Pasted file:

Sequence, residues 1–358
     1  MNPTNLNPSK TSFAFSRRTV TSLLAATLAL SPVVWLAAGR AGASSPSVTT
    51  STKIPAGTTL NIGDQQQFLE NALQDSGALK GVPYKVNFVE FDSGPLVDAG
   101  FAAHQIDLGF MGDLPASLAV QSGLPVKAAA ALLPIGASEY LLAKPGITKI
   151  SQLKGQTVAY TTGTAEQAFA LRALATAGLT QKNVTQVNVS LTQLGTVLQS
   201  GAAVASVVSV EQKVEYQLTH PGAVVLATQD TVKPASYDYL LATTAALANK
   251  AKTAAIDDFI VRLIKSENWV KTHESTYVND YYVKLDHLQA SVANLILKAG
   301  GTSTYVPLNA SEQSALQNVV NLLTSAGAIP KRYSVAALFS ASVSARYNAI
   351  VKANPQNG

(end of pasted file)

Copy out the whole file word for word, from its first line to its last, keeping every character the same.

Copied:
Sequence, residues 1–358
     1  MNPTNLNPSK TSFAFSRRTV TSLLAATLAL SPVVWLAAGR AGASSPSVTT
    51  STKIPAGTTL NIGDQQQFLE NALQDSGALK GVPYKVNFVE FDSGPLVDAG
   101  FAAHQIDLGF MGDLPASLAV QSGLPVKAAA ALLPIGASEY LLAKPGITKI
   151  SQLKGQTVAY TTGTAEQAFA LRALATAGLT QKNVTQVNVS LTQLGTVLQS
   201  GAAVASVVSV EQKVEYQLTH PGAVVLATQD TVKPASYDYL LATTAALANK
   251  AKTAAIDDFI VRLIKSENWV KTHESTYVND YYVKLDHLQA SVANLILKAG
   301  GTSTYVPLNA SEQSALQNVV NLLTSAGAIP KRYSVAALFS ASVSARYNAI
   351  VKANPQNG